JAX2025 “Transportation Vision” key to achieving others?

Is “smart parking app” first step?

By Kate A. Hallock
Resident Community News

One thing that many who attended the second of five JAX2025 participatory events agreed upon was that “fixing” transportation was key to achieving the vision for the other nine categories. As the U.S. city with the largest landmass, Jacksonville is a lot of ground to cover with an unconnected transportation system.
Granted, while most of the daily rush hour traffic is likely coming from within a 10-mile radius of the city – according to a December 2012 report of the Northeast Florida Regional Transportation Study Commission, less than 8% of Duval County residents work outside of the county – there’s still a feeling that our region’s methods of transportation are not connected. The percentage of people working outside of six other northeast Florida counties is four to seven times higher, with many commuting from Nassau, Baker, Clay and St. Johns counties to downtown Jacksonville.

During one of the two 45-minute brainstorming segments at the February 2nd event, participants working on the vision statement for transportation at one table were adamant about implementing solutions such as a 24/7 Skyway schedule, a light rail system that extends beyond the 2.5 miles served by the Skyway, covered and paved bus stops, more park-and-ride lots in areas where day care centers and retail shops can serve commuters, and, above all, the use of smart technology.

One resident coming in from the Beaches noted that he was stopped at every traffic signal at 8:30 on a Saturday morning with no cross traffic at the lights. “This is a city of restrictions, not movement,” he said. “The technology exists to recognize when a light needs to change for traffic.” Another participant added, “Why aren’t there mobile apps that provide the bus schedule and let you know when they’re running behind?”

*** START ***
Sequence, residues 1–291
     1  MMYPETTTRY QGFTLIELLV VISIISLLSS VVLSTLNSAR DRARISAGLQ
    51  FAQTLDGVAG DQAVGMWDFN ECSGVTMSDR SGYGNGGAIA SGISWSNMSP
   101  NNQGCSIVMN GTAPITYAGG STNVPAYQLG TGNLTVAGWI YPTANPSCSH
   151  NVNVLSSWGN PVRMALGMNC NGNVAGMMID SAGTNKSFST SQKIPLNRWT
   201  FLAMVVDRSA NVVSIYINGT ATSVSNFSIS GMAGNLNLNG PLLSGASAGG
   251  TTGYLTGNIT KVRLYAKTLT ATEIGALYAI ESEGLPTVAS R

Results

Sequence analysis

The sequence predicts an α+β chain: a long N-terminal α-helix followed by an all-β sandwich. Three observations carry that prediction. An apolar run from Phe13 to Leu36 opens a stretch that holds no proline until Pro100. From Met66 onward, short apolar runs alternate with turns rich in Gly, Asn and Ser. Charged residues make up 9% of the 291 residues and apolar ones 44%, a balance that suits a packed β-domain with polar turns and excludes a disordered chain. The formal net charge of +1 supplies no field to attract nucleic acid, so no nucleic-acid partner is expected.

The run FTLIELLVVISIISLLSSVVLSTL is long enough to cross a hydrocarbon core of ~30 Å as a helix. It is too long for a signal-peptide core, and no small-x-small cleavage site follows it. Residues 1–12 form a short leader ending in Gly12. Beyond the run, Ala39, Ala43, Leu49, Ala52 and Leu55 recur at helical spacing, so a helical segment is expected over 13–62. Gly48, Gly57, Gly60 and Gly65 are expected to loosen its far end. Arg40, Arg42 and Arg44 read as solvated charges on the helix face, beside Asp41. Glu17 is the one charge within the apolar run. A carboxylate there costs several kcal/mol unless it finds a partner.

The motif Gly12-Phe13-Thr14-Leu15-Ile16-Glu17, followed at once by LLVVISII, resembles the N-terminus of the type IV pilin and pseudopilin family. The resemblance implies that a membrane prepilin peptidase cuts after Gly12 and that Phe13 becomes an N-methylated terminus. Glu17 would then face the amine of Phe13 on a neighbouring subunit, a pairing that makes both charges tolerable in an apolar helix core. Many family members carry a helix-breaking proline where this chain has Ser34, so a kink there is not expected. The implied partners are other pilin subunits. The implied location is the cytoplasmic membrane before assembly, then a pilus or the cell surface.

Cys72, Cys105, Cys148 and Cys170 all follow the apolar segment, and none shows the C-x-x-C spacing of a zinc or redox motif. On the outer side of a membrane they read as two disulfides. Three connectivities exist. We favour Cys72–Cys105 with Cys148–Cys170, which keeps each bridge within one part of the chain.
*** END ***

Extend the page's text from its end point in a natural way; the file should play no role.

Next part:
Coincidentally, speaking of transportation apps, three days later Mayor Alvin Brown unveiled a new partnership with a leading provider of innovative parking solutions to implement a smart parking system in certain sections of Downtown. By early March visitors with smartphones or laptops will be able to find on-street parking spaces in real time, as well as the locations of parking garages and lots, by using the app ParkerTM by Streetline.

Installation of 99 parking sensors began early last month along Laura Street from Monroe Street to Independent Drive and spanning several blocks of road intersecting Laura Street, including Adams, Forsyth and Bay Streets. In addition to providing the location and availability of parking spaces, the app can be used as a timer to track remaining meter time and as a walking guide with directions back to the parking spot. And, along with search and mapping functionality, Parker includes a hands-free option with audible cue when available parking is nearby.

Back at the Prime Osborn on that early February Saturday, one table struggling to come up with a bold, clear and compelling vision statement on transportation unanimously agreed that when this issue is successfully resolved, other categories – such as Distinctive Neighborhoods/Vibrant Downtown, Education, a Vibrant Economy, Arts and Entertainment, a Clean and Green City, and a Healthy Community – will be positively impacted. To see the participatory vision statements for each category visit www.facebook.com/
Jax2025/photos_stream.

It’s never too late to join the visioning process. The next JAX2025 meeting will be Tuesday, Mar. 19, 6-8 p.m. at the Prime Osborn. Parking is free; light refreshments will be served. Register online at www.JAX2025.org.

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